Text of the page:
Distance is hurting my team’s communication


Inefficiency. Missed goals. Low morale. What causes massive team malfunctions like these? While there’s rarely a single (or simple) answer, poor communication is usually at least partly to blame. And that likelihood goes up — sometimes way up — when you factor in the physical distance that’s an unavoidable reality of remote work.

The good news is there’s a lot you can do to promote a healthy, multi-directional flow of information on your team.

What could be going on?

  • You haven’t let the team know their communication is a problem (or shown them a better way), so they think they’re communicating just fine.
  • You haven’t done enough to facilitate communication.
  • Some or all team members don’t see communicating with one another as their responsibility.
  • Your remotes don’t know or trust their peers, preferring to come to you with questions and for feedback.
  • The team’s communication tools are ineffective and/or people don’t use them well.
  • You’re leading project team members who aren’t motivated to establish strong communication with one another, perhaps because the project is short-term.
  • Your team spans different time zones, cultures, or languages, making communication particularly tough.


How to handle it:

1. Give the team feedback on their communication — and explain how doing better would benefit them.

If you’ve been stewing in silence about your team’s poor communication, then you’re equally guilty of it. So speak up. You’ll be opening the team’s eyes to how small things like alerting one another to changes, flagging redundancies, and checking in to see if someone needs help could benefit them and improve the team’s results. Your feedback will also remind them that their leader expects good team communication and is factoring it into everyone’s performance.

First, take every opportunity you see to give reinforcing feedback on effective communication habits: “Octavio, thanks for posting that client call summary. It really helps remote team members stay up to speed on the latest insights.” You may also need to give redirecting feedback 1-on-1 to help some team members overcome communication-killing tendencies — for example, a remote who doesn’t even sign onto your team’s chat tool or a project team member who thinks it’s a waste of time to update remotes whom she might not work with again:

“Yelena, I’ve noticed that you haven’t included remote team members in your updates. I know it’s an extra step. But I’ve seen the difference between project teams that communicate well and those that don’t. Those who put in the effort do better work, have more fun, and often build relationships that they circle back to in the future. What do you think?”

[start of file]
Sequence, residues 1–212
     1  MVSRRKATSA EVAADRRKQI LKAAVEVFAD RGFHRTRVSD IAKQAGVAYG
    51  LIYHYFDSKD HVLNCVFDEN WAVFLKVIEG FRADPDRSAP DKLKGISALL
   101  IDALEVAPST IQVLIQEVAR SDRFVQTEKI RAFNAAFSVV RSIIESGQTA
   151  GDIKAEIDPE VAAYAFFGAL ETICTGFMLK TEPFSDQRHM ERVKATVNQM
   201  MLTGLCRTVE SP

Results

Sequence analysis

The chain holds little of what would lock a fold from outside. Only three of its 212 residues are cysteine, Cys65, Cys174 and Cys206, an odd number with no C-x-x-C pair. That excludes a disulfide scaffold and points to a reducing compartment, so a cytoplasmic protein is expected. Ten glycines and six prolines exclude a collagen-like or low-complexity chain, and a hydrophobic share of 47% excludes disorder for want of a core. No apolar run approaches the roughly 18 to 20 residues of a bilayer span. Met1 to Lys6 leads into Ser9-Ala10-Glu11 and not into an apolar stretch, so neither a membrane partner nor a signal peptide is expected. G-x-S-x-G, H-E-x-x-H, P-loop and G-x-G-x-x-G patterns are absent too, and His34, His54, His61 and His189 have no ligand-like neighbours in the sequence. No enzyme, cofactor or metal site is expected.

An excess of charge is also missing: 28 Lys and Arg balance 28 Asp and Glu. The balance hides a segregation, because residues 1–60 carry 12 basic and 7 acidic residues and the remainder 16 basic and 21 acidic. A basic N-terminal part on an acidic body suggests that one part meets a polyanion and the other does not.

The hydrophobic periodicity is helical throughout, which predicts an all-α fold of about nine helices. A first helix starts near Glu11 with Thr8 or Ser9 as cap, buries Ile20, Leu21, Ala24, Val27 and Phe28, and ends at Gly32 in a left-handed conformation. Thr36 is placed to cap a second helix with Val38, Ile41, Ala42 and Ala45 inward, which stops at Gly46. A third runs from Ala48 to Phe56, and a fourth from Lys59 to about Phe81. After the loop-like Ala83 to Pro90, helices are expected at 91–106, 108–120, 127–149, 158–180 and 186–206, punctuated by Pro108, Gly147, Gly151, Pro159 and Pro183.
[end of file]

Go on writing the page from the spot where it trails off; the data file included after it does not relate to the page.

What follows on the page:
2. Proactively develop a team communication strategy that suits your team.

If you neglect formulating a communication strategy — and just assume everyone will figure it out — the remote who sees her remote-ness as license to avoid human contact, or the co-located who tends to exclude remotes because he resents virtual meetings, will probably just keep doing what they’re doing. Not only that, but their bad behaviors will become habitual, potentially causing a decline in the team’s culture that becomes harder and harder to rectify.

To reverse this downward spiral, you’ll need to devise and deploy communication guidelines that account for the team’s preferences and workflow dependencies. You can do this yourself or make it a team activity, depending on your team and situation. Regardless, consider plan elements like:

  • When team members should reach out to each other. Who, if anyone, should be informed about a project milestone or new information?
  • What level of detail team members should share. Is forwarding a client request or article enough? Or is it better if your direct report also provides an easy-to-digest summary?
  • Which form of communication to use and when. You may want to shepherd certain types of discussions into a single space so they don’t branch into multiple platforms and become hard to follow — for example, the team could designate a specific chat channel for urgent requests only.

Once you have a strategy in place, reinforce it through feedback and coaching. And be sure you follow the guidelines yourself!

3. Improve your skills as a communication facilitator so you (and co-locateds) can better involve remote team members.